WCCS successfully reopens for essential workers on a gradual basis with reduced capacity for students this spring

After the COVID-19 crisis forced the WCCS to temporarily close, families have been gradually returning to the program for child-care

Enrolments at the Windermere Child Care Society (WCCS) have decreased by 88 per cent since the COVID-19 pandemic began.

On June 10, the WCSS reopened with enhanced safety precautions for attending families and WCCS staff have welcomed the opportunity to serve essential workers and parents who are returning to work.

“The attendance is way down, which is good,” said Pat Miller, manager. “We’re more or less just taking parents who are essential services where parents are going back to work.”

The total number of teachers has also decreased for the time being.

“We wanted to do this at a slow and easy pace,” Miller explained. “We didn’t want to rush it with a whole bunch of people… it’s a matter of when parents are ready to send their kids back.”

Before the COVID-19 pandemic, enrollments accounted for 84 children attending the WCCS.

“Now, there’s about 10 kids,” Miller said. “We’ve opened it for anybody that really needed us. We took them all in and covered emergency workers through the Children Community Resources and Referrals (CCRR) out of Cranbrook who was helping essential workers place kids for families during the pandemic.”

While the challenges of asking young children to practice social and physical distancing remain, Miller and her team are working hard to incorporate safety precautions at every turn.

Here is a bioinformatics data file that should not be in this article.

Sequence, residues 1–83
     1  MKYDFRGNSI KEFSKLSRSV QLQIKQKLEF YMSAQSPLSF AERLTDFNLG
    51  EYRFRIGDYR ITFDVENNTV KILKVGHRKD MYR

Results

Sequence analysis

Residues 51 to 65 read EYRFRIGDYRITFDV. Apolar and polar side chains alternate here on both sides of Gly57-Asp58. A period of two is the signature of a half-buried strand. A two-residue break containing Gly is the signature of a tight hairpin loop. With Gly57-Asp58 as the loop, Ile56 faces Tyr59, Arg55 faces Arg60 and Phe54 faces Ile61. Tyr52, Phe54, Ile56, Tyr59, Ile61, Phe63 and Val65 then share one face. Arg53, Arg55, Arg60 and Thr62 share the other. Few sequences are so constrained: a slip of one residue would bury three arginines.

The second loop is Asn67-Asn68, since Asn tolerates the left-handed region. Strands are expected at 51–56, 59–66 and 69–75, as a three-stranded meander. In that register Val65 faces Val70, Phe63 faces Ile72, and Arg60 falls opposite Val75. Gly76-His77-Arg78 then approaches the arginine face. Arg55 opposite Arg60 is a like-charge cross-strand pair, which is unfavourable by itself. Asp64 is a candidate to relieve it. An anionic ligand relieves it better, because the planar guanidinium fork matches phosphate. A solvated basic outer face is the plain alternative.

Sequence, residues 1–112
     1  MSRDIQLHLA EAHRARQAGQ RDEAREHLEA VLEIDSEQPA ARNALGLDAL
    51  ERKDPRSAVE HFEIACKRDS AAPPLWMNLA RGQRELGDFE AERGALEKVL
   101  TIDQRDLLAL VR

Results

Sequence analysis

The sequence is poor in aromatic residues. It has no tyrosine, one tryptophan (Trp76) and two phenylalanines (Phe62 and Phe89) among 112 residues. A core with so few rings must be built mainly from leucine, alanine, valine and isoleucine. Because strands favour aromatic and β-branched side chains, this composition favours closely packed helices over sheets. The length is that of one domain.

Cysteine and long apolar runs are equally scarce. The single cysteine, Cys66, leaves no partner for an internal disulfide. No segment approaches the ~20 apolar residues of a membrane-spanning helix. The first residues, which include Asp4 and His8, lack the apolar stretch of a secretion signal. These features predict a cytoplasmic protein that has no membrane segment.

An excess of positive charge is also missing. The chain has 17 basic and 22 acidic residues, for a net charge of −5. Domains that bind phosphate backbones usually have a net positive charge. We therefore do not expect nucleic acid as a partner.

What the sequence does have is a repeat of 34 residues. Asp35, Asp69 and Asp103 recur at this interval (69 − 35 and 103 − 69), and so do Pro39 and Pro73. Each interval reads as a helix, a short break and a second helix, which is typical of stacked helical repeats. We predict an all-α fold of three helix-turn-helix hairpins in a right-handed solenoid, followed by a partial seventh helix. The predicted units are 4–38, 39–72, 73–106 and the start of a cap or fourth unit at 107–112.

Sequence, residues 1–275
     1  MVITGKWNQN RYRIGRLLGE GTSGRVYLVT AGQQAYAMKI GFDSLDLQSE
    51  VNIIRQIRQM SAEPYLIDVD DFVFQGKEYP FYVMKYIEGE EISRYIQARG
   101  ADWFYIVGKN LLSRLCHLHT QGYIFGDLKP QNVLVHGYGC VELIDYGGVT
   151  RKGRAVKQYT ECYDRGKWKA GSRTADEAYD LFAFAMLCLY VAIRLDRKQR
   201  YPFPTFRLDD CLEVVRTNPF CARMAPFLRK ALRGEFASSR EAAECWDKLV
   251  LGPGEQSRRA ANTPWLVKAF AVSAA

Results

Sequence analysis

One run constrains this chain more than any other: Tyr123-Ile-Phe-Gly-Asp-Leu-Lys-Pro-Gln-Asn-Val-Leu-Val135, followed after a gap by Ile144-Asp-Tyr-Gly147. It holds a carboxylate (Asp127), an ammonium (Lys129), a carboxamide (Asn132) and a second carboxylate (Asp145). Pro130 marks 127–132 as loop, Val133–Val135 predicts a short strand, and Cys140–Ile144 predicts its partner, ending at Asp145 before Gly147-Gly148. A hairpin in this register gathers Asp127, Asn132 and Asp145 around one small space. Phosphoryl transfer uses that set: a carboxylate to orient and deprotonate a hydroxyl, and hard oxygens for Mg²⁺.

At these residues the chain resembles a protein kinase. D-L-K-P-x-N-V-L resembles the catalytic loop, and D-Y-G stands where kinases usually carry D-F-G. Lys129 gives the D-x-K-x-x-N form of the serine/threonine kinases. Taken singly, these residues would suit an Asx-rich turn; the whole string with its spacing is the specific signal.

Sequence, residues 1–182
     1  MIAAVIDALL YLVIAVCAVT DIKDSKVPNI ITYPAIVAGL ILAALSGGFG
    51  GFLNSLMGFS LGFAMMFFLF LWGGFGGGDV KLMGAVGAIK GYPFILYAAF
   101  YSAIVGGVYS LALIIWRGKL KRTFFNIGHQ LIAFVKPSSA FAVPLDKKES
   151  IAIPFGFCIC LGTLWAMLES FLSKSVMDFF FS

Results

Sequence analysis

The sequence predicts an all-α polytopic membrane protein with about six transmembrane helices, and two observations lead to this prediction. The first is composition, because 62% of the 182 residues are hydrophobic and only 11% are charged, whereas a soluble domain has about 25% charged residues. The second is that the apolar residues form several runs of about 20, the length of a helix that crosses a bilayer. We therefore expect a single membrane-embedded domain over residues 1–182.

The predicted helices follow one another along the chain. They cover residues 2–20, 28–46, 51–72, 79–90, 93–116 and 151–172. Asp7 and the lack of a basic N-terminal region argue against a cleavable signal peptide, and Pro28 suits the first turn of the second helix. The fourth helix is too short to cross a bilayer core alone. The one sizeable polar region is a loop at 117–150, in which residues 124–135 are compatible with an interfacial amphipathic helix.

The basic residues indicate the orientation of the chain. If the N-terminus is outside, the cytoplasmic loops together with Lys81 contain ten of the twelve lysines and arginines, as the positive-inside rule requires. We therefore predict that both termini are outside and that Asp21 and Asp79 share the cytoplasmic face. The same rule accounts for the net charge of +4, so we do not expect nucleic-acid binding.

“We’ve only opened two rooms,” she explained. “One room is not available, and preschool doesn’t run through the summer.”

However, there are some minor tweaks geared toward improving the safety measures to adhere to provincial guidelines regarding group sizes and sanitization efforts.

There’s a one-time waiver for returning families to fill-out in light of the evolving pandemic.

Now, parents who typically drop-off their children are met at the gate by a teacher who will verbally ask questions daily to screen for COVID-19 symptoms, then they’re escorted into their classrooms by the teacher.

“We come through one side of our yard. We have a health check. We sanitize there and sign them in,” Miller explained. “We have our teachers come from their rooms to the fence to pick up the children and we’ve made smaller groups to practice social distancing and require regular handwashing and hand-sanitizing. Parents do not come through the gates. Just our children.”

In addition, the WCCS has decreased the number of chairs in each room and has created play stations to ensure children aren’t cross contaminating shared toys.

“Kids will be kids,” said Miller. “But they’re coming in and catching on to washing their hands when they come through the gates. With the toys, they’re learning to play with their own toys at their stations. It’s a big endeavour, but it’s working and they’re really enjoying it.”

But so far, the returning students are happy to be back at school, even if it’s only for a couple of days each week.

“They’ve all missed their friends and are all having a good ol’ time,” she said. “Attendance has been the biggest change for us but everyone has been quite accepting because of the number of things we’ve done to show safety for their kids.”

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